Instead I sat on the bleachers with blind June squinting onto the dim dance floor. Then I got this idea, so I said, “June, if you could be doing anything in the world right now, what would it be?”
“Probably go to bed.”
“Okay, other than that, what would you like to do?”

“Maybe travel to another city.”
“Okay, well, say you could do anything in this city at this moment, other than going to bed, what would it be?”
“Maybe watch a movie?”
“Okay, if you could do anything in this city, in this room, in this moment, what would it be?”
“I don’t know. What?”
“Well, I’m thinking we should just get up and dance.”

“Even if we look like this?”
“Yeah, especially because we look like this. I think we should dance crazier than ever before.”
“But what if people—“
“June, the thing is, it’s not like we’ll know how people are looking at us. We can’t see and I think it’s probably better this way. Come on.”

So, I took June by the arm and as the next fast song began, I started to dance as crazy as I possibly could. I had no idea why I was doing this, but I couldn’t stop. I was swinging June around on the dance floor, and I closed my eyes and everyone went away. I only saw the inside of my bedroom walls. I danced like how I dance when my door is closed and I turn on my favourite music on full blast, and no one can see.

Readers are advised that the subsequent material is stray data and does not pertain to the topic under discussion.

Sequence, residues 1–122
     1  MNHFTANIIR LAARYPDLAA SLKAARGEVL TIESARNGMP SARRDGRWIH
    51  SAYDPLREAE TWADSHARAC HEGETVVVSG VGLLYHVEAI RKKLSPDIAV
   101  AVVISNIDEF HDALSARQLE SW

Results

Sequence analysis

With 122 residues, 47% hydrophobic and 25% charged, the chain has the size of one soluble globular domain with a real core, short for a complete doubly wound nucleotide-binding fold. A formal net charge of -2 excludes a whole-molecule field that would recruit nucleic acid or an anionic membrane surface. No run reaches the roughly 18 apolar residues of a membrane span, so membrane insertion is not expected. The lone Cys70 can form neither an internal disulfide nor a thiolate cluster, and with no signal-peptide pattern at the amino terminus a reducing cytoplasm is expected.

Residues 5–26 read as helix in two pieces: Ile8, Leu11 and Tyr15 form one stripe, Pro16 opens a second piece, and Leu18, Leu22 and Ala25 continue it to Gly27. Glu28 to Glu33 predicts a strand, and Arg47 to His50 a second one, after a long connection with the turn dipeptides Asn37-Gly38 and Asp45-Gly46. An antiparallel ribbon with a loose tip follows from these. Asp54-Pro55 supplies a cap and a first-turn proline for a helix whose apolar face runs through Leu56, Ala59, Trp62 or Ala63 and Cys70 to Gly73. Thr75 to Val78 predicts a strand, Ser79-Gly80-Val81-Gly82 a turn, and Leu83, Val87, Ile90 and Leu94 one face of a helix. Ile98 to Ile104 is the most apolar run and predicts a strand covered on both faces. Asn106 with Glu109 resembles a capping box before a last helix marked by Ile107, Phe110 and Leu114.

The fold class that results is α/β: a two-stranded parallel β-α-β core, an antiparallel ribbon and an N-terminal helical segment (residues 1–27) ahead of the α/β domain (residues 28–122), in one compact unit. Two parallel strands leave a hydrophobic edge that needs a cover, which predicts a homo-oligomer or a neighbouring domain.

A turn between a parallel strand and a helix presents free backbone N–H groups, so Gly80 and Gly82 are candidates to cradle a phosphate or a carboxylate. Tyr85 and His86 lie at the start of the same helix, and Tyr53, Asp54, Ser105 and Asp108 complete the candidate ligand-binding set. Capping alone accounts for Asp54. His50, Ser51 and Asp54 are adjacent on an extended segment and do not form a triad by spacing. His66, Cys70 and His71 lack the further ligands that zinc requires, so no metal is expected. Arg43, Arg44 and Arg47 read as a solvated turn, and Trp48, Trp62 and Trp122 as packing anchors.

I grabbed the hands of strangers and danced with them, without knowing who they were. Fast songs, slow songs, it didn’t really matter; I was going to dance through the entire dance like it was a marathon that I was going to win. At first I heard people whispering and that just made me dance harder.
A few more songs went by and my arms and legs were tired and I was thirsty for some of that red punch I’d seen on my way in. I opened my eyes and saw June dancing like crazy with her eyes shut tight. I tapped her shoulder and pointed to the punch bowl. She opened her eyes and started laughing. She followed me to the punch bowl and as we stood there, out of breath, drinking the colour red from plastic cups, saw through our blindness that no one else was really looking at anyone else. They just seemed to be dancing together, or at least, that’s how we saw it.